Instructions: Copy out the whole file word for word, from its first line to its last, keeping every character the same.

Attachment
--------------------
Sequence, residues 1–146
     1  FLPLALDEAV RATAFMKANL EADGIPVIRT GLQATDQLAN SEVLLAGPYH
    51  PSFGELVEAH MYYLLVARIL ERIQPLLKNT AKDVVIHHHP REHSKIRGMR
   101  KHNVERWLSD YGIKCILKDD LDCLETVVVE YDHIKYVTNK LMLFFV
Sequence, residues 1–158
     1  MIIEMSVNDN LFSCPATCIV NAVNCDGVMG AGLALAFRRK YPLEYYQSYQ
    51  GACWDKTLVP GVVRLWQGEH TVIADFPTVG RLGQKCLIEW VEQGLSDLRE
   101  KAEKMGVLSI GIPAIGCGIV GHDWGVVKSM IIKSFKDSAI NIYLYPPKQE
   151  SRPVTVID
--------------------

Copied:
Sequence, residues 1–146
     1  FLPLALDEAV RATAFMKANL EADGIPVIRT GLQATDQLAN SEVLLAGPYH
    51  PSFGELVEAH MYYLLVARIL ERIQPLLKNT AKDVVIHHHP REHSKIRGMR
   101  KHNVERWLSD YGIKCILKDD LDCLETVVVE YDHIKYVTNK LMLFFV
Sequence, residues 1–158
     1  MIIEMSVNDN LFSCPATCIV NAVNCDGVMG AGLALAFRRK YPLEYYQSYQ
    51  GACWDKTLVP GVVRLWQGEH TVIADFPTVG RLGQKCLIEW VEQGLSDLRE
   101  KAEKMGVLSI GIPAIGCGIV GHDWGVVKSM IIKSFKDSAI NIYLYPPKQE
   151  SRPVTVID